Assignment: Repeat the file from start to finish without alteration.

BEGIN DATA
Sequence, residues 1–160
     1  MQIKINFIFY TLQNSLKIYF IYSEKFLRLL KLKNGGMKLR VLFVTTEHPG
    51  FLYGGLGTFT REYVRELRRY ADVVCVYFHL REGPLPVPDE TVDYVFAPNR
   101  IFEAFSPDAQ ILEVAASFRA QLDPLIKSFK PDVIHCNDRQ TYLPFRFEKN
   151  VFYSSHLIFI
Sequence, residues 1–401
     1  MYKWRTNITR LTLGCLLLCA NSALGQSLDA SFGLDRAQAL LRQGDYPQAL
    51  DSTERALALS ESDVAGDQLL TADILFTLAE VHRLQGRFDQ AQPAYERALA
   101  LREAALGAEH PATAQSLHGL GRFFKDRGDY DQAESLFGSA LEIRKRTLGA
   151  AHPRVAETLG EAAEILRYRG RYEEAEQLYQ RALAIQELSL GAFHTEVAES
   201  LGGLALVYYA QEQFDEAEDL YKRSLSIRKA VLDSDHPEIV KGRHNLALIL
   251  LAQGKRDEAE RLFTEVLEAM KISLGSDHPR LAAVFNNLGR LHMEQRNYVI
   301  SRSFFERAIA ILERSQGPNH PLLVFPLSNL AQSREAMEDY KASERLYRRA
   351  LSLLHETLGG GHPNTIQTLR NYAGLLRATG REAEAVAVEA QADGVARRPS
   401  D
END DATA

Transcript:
Sequence, residues 1–160
     1  MQIKINFIFY TLQNSLKIYF IYSEKFLRLL KLKNGGMKLR VLFVTTEHPG
    51  FLYGGLGTFT REYVRELRRY ADVVCVYFHL REGPLPVPDE TVDYVFAPNR
   101  IFEAFSPDAQ ILEVAASFRA QLDPLIKSFK PDVIHCNDRQ TYLPFRFEKN
   151  VFYSSHLIFI
Sequence, residues 1–401
     1  MYKWRTNITR LTLGCLLLCA NSALGQSLDA SFGLDRAQAL LRQGDYPQAL
    51  DSTERALALS ESDVAGDQLL TADILFTLAE VHRLQGRFDQ AQPAYERALA
   101  LREAALGAEH PATAQSLHGL GRFFKDRGDY DQAESLFGSA LEIRKRTLGA
   151  AHPRVAETLG EAAEILRYRG RYEEAEQLYQ RALAIQELSL GAFHTEVAES
   201  LGGLALVYYA QEQFDEAEDL YKRSLSIRKA VLDSDHPEIV KGRHNLALIL
   251  LAQGKRDEAE RLFTEVLEAM KISLGSDHPR LAAVFNNLGR LHMEQRNYVI
   301  SRSFFERAIA ILERSQGPNH PLLVFPLSNL AQSREAMEDY KASERLYRRA
   351  LSLLHETLGG GHPNTIQTLR NYAGLLRATG REAEAVAVEA QADGVARRPS
   401  D